Monday, 2 February 2015

Duran Duran 'Notorious'

Starting a new album again here, so as a slight experiment I'm putting this part before any details of the track itself. Now 8 seems a logical enough way to follow Now 38, especially as it's the only one of the first 10 I haven't already done. Fitting in with my album-every-two-months schedule means that the short month of February is a good time to do the shorter 1980s albums. Besides, there are some real gems and a few surprises on here. Now 8 is also notable as the second album in the series to come out on CD, albeit again in a truncated single-disc version. Unlike the Now 4 compact disc, though, the Now 8 CD was drawn entirely from the vinyl and cassette versions so I have tagged the crossover tracks. As you may see from the image accompanying this post, my own copy of the album isn't in the best of condition but it's good enough and all sleevenotes are intact, so let's get going...

Chart Peak: 7
Roared into the chart at No. 14 on 28th October after just one week on release.
Because we're in the era when there were only two Now albums a year (1985-7), it's less obvious than it might have been that Duran Duran were on a bit of a hiatus in the middle of the decade, save for the one-off James Bond theme 'A View To A Kill' on Now 5. 'Notorious' and the parent album of the same name marked their resumption, although by the time the record was finished they were two Taylors short with Roger Taylor in retirement and Andy Taylor estranged: he grudgingly took part in some recording sessions but left amid much acrimony. Some reports have it that he tried to stop the remaining trio using the group name, which would perhaps explain why the single and album covers just say "Duran Notorious". They were able to retain the services of Nile Rodgers as producer and guitarist for these sessions, which should in theory have been a good fit for the funk direction they were aiming at but as usual there's something profoundly unfunky about Duran. Maybe this track suffers particularly from the protracted recording sessions but it feels like there's a fundamental tension between the desire for a smoothly metronomic sound and the human element needed to give the track drive. The hip-hop-influenced repetitions of the title in the chorus certainly stick in the mind but unfortunately they always sound better in my memory than in the finished track. The song is apparently supposed to be quite a bitter one (the "flaky bandit" mentioned in the lyric is supposedly Andy Taylor) but the anger comes through no more convincingly than the funk. I don't want to sound like I have some anti-Duran bias but I've not really enjoyed any of their Now appearances yet, it somehow keeps feeling like a chore.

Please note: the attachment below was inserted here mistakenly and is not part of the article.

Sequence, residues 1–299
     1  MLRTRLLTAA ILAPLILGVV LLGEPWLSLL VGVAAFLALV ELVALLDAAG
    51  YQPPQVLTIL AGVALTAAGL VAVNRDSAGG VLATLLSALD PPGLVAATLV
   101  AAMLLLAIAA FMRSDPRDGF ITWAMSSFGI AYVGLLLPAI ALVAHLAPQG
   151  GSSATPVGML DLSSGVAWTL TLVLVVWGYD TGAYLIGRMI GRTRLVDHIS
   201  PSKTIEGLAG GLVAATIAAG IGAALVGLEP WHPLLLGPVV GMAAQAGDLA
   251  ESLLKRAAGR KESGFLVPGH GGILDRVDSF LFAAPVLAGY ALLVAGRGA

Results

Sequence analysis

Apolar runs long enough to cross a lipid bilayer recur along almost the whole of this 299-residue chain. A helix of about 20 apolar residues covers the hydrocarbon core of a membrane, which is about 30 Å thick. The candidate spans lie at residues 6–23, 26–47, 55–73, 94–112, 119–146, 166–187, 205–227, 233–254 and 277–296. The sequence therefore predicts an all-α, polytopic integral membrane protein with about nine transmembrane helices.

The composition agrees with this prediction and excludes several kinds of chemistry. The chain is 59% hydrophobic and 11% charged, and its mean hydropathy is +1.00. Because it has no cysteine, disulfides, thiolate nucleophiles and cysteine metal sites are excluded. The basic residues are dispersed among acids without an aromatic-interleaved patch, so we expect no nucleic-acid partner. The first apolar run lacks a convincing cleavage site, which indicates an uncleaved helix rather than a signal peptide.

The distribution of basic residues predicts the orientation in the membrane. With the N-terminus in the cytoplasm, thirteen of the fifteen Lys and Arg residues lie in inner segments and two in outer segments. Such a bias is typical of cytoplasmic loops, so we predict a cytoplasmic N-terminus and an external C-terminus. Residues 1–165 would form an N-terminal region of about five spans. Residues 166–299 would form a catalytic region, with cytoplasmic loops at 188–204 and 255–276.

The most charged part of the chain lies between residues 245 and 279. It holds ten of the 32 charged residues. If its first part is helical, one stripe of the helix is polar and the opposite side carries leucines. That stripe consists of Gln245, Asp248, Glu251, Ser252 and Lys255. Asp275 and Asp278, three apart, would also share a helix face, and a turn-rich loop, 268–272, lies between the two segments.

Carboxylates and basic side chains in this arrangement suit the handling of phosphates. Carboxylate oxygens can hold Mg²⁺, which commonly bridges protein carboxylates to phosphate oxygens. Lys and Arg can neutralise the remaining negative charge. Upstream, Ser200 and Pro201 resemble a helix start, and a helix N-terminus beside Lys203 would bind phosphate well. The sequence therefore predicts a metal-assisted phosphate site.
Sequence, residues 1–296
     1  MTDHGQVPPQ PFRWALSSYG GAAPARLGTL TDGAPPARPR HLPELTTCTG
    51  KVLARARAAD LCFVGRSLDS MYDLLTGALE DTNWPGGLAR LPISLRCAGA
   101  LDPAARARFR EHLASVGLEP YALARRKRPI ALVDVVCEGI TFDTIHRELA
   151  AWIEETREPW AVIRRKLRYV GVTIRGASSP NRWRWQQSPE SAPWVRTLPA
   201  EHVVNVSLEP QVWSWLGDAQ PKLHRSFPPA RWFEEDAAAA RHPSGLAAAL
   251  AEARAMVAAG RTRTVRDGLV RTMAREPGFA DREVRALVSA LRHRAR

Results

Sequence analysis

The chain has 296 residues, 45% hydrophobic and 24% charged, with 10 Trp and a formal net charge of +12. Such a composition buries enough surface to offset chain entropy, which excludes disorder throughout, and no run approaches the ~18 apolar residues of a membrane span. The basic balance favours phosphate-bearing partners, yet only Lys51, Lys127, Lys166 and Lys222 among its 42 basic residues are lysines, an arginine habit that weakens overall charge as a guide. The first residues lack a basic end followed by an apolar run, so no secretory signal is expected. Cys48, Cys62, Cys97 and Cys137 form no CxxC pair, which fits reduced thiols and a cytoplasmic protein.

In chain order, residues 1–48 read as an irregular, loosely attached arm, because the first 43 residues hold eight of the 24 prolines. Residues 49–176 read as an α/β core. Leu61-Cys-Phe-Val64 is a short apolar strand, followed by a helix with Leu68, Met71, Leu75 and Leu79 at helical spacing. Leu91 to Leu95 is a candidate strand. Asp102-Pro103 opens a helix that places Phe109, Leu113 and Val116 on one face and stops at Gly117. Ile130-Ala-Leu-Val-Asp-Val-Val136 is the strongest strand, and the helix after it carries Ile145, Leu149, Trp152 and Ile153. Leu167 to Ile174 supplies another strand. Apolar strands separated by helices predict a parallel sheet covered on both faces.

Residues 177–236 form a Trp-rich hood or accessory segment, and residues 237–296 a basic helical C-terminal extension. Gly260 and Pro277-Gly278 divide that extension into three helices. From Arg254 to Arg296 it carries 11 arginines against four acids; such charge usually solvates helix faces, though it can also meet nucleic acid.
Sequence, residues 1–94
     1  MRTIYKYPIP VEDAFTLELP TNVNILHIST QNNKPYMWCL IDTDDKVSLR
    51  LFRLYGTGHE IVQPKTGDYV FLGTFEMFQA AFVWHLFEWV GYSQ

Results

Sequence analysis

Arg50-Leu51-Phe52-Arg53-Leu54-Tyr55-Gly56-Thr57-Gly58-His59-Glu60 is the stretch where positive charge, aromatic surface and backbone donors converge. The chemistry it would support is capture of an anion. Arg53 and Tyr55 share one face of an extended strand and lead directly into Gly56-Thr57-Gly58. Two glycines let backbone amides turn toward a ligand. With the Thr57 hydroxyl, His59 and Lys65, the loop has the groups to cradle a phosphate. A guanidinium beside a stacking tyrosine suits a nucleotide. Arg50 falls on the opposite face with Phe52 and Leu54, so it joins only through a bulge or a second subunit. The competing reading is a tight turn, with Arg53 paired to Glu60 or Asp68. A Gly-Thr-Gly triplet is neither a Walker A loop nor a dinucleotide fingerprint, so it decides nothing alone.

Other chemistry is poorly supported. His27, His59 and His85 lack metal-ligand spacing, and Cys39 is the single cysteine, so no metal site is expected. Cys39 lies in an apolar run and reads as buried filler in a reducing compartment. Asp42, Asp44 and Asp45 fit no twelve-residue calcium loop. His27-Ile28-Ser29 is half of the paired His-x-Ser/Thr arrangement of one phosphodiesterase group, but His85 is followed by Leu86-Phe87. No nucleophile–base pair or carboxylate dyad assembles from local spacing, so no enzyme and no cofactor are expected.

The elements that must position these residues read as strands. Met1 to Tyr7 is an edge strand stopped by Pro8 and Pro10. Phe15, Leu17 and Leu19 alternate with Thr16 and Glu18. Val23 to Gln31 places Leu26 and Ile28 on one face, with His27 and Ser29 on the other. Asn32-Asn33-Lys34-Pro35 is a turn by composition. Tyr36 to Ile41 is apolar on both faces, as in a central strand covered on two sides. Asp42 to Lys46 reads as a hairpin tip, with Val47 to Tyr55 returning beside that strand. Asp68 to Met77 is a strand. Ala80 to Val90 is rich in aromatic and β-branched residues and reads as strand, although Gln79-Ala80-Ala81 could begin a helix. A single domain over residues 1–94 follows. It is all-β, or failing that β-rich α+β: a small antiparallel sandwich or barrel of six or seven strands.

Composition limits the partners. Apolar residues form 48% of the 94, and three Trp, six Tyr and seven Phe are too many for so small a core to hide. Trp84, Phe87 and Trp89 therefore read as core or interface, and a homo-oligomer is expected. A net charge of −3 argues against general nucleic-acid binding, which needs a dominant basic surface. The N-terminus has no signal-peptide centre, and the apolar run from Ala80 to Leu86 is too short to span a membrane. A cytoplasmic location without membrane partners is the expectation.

Also appearing on: Now 1, 2, 3, 5, 13, 14 24, 25, 31
Available on: Notorious

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